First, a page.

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Dealing with the past

Among the Serbian population, rather than evoking radiant perspectives on a blossoming future, the EU topic reopens old sores. The EU, the guys that bombed us. The EU, the ones that took Kosovo away. Young politicians especially struggle hard to overcome the burdens of the past. "We also work together with Croats, we had a war with them, but it doesn't matter, it's the past, the circumstances led to that, but now we have to look into the future. I never want to have hatred, war etc. again in my country, I very much dislike that." Nevertheless: "Serbs do care for Kosovo, for their pride as a small people, but they don't care for the future. Also for me, if I see something from Kosovo and know that it is no more there, it touches my heart", he says.

"We don't want to have Kosovo back, because we never gave it away."

Most politicians in Serbia aren't as pragmatic in dealing with the past. Although a lot of them are very optimistic towards the possibility of an EU membership, the Kosovo issue seems to be beyond negotiation for most of them. At the foreign ministry, at the conservative parties, again and again you can hear sentences like: "We don't want to have Kosovo back, because we never gave it away." Or: "Our aim is not reunification, because Kosovo is Serbia and always has been." The orthodox church also seems to be more interested in the protection of the Serbian monasteries in Kosovo rather than providing a hand to be reached out to by the former war adversaries.

The young Serbs

But there are other young people who think differently. They try to change their country not from top to bottom, by political efforts, but in small steps, through the activities of a variety of NGOs.

Aleksandar M. Ribać is one of those young people. A ponderous guy in a rosé Kent shirt, active at the Young European Federalists Serbia. "We know that Germany before the World Wars was much bigger than today. How do the Germans cope with that?" Or can't that be compared at all? In any case, even in Germany dealing with the past took time. And in some countries it never took place. "Belgian history books mention the genocide in Congo with one sentence only as well!"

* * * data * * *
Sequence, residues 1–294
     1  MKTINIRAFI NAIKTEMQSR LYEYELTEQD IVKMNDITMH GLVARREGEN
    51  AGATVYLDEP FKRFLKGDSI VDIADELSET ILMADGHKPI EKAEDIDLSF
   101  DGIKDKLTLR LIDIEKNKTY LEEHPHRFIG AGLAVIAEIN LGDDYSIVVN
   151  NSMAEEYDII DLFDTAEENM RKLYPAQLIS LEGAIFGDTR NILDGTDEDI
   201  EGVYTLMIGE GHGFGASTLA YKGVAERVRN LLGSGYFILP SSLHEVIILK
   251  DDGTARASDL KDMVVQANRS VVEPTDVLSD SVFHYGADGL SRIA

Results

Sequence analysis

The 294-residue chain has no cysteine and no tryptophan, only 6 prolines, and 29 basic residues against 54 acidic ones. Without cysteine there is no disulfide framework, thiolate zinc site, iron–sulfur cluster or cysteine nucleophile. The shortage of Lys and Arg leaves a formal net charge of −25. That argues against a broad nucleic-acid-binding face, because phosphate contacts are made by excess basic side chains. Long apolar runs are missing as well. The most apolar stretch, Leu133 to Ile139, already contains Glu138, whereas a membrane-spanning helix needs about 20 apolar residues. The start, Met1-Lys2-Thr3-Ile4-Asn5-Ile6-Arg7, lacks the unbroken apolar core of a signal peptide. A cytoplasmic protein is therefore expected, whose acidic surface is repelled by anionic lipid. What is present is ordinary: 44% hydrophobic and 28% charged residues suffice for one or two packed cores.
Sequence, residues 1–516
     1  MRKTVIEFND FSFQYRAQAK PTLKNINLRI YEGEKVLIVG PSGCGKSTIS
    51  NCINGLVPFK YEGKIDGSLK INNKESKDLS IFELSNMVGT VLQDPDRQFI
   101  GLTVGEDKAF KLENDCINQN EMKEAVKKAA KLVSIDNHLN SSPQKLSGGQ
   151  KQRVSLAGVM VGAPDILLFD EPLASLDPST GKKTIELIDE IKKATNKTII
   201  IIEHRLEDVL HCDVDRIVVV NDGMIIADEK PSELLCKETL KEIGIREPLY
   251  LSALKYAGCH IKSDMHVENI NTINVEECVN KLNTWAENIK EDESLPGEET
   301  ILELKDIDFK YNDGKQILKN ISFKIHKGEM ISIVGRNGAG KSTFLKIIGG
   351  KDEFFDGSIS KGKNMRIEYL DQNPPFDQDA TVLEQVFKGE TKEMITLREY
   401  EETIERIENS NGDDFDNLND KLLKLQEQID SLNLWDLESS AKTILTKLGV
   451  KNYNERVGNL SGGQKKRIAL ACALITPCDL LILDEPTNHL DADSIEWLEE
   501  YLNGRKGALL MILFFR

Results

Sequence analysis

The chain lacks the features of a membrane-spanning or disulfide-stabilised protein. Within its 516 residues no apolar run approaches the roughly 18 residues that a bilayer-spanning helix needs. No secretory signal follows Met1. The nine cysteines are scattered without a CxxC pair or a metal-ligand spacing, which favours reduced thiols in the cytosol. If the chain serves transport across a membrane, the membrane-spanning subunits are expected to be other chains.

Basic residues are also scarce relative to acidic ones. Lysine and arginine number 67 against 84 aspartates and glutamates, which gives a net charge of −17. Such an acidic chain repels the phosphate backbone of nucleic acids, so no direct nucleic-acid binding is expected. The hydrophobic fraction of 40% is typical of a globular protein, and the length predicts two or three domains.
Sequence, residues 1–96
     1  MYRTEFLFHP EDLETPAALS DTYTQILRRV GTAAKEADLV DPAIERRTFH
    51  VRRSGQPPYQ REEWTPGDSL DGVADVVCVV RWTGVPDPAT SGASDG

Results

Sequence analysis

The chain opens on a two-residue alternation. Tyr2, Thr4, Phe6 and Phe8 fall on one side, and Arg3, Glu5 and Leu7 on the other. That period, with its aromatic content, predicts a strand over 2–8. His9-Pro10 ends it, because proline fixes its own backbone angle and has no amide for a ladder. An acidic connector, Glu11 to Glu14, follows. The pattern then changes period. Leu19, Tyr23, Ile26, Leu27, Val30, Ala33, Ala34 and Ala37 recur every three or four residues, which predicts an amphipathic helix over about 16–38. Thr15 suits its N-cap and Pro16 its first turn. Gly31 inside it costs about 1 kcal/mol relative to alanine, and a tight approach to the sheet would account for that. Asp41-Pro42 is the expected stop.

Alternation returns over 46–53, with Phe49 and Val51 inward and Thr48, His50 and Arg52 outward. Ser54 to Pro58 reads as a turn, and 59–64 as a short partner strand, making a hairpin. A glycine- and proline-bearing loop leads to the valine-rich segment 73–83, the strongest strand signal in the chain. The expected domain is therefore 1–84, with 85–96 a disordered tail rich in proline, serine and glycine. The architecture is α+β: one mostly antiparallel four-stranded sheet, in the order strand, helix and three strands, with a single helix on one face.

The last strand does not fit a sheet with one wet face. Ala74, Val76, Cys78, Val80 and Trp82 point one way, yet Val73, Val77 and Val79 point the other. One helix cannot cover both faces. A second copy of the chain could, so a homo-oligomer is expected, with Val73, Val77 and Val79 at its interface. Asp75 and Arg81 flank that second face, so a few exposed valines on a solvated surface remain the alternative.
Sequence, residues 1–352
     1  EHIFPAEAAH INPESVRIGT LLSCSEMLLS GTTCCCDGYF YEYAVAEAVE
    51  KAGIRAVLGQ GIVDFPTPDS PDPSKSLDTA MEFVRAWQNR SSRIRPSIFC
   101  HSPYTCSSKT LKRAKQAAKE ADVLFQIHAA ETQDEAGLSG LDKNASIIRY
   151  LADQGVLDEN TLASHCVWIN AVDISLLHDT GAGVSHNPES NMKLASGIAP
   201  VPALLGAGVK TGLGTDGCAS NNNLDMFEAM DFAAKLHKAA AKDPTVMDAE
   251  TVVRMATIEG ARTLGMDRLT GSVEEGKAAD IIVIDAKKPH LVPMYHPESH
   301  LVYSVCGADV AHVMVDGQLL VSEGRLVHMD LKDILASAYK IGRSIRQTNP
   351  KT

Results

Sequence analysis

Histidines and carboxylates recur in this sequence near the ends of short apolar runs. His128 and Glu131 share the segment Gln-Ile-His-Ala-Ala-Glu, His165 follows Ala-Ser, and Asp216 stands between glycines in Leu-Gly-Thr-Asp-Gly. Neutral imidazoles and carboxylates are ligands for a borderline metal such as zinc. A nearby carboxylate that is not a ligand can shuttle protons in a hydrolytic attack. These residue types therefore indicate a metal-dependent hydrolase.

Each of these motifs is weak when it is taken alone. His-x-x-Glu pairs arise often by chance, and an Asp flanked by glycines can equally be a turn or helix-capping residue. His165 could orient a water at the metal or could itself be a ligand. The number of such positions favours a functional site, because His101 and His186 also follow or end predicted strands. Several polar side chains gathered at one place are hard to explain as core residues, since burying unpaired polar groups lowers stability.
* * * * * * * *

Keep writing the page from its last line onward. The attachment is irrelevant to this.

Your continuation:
But the European perspective could indeed be an argument to convince Serbians and Kosovarians that a working co-operation between the different ethnic regions on the Balkan will prove more fruitful than the symbolic splitting hairs for national property. "The Young European Federalists Serbia meet up twice a year with the Young European Federalists Kosovo. We talk a lot with them, we have a good understanding with them, we agree that we disagree. It is never too early for bringing people together."

Anita going to Kosovo

Bringing people together – that's also what Anita Mitic does. The twenty year old blonde leads the Serbian branch of the Helsinki Commitee, a self-appointed network to monitor the implementation of human rights agreed on in Helsinki in 1975. She is one of the most unconditional critics of the Serbian situation. And the most pro-active ones: while most Serbs claiming Kosovo to be Serbian have never been there in their live, Anita regularly travels to Prishtina just so. Talks and drinks with young Kosovo-Albanians. Makes them wonder: "are you really Serbian?!" or saying: "you are the nicest Serb I have ever seen!"

"Even if Kosovo was ours, we wouldn't know what to do with it."

But she also got hundreds of upset comments on her Facebook-page from her Serbian friends for that, some saying she should never come back home. She risked her academic career daring statements like: "Kosovo is independent; if people say it's not, it's part of Serbia, it's simply not, de facto. Even if Kosovo was ours, we wouldn't know what to do with it." She had to explain to her own father, even though he is pro-European, that Srebrenica did happen. And she did.

Images from the past and future: 'In Serbia, the past and future live very close together...'

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